The Krummlauf, a bent-barrel attachment for the StG 44, one of the lesser-known weapons from Nazi Germany. The Krummlauf, which was developed in 1944 during a desperate period of the war for the Germans, had different variants and attempted to add different degrees of curve to the barrel of the StG 44, but it ultimately failed due to various technical issues.
- The Krummlauf was a bent barrel attachment for the StG 44, often credited as the first assault rifle. It was developed in 1944 when the war was not going well for the Germans.
- Variants of the Krummlauf added different degrees of curve to the barrel, including 30-, 45-, 60-, and 90-degree versions. The 30-degree variant was the most commonly produced.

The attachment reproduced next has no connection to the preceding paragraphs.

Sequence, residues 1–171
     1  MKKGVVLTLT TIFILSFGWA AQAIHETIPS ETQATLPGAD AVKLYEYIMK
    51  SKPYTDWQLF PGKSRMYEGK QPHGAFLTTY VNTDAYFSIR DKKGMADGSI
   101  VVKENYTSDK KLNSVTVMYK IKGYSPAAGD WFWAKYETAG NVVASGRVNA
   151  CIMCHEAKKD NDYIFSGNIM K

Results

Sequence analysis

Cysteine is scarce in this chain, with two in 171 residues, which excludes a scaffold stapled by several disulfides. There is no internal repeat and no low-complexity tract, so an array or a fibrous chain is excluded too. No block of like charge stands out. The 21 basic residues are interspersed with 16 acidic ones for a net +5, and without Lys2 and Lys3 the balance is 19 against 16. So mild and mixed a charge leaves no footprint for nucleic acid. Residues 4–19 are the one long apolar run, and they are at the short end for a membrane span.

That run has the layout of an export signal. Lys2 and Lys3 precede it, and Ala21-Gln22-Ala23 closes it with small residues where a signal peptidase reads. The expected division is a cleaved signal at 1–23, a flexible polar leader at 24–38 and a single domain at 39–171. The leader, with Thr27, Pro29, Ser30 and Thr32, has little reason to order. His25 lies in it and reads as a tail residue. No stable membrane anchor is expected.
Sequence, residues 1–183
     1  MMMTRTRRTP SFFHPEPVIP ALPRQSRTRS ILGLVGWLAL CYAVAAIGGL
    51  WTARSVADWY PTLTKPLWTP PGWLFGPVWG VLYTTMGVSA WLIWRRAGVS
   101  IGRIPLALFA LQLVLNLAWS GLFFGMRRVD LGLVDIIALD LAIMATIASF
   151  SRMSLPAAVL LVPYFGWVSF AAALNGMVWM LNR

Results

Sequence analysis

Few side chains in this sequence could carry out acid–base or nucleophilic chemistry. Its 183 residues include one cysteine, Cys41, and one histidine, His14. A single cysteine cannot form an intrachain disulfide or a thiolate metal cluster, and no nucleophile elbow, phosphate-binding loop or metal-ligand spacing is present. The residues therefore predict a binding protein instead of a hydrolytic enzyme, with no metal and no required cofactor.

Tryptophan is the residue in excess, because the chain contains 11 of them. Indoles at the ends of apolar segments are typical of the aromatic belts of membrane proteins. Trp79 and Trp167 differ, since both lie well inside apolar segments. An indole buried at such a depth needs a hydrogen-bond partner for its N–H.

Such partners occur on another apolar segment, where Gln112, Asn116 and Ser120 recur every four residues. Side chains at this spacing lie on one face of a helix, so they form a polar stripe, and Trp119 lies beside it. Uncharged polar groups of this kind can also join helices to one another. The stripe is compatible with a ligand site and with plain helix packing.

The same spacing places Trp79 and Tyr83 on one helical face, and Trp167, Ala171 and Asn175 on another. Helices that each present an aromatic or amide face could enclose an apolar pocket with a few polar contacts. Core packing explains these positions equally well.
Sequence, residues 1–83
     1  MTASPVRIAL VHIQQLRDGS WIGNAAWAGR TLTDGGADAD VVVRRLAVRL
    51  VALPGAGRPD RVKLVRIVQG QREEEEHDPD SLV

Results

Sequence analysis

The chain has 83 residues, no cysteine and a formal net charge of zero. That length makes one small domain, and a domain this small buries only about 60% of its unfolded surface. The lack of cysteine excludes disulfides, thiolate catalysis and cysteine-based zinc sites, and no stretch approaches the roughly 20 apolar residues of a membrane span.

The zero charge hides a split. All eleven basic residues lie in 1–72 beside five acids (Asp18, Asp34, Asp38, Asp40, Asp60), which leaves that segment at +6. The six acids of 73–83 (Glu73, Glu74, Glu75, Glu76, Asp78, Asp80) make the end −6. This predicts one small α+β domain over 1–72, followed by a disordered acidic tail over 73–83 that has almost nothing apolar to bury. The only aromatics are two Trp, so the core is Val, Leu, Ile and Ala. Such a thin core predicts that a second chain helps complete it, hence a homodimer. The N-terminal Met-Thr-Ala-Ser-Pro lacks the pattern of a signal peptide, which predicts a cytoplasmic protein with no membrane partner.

- The Krummlauf came in both infantry and armor variants. The infantry version was designed to allow soldiers to shoot above or around cover without exposing themselves to enemy fire.
- A periscope-style optic was used with the infantry version to guide the aim. However, there was no way to aim the armored version, which was designed to deter approaching infantry.
- The Krummlauf was ultimately deemed a failure. It was found to create significant gas pressure, had a short barrel life, its bullets often broke at the bend, and it was highly inaccurate.
- Despite the high innovative reputation of German arms design, the Krummlauf serves as a reminder of their more creative but less successful creations.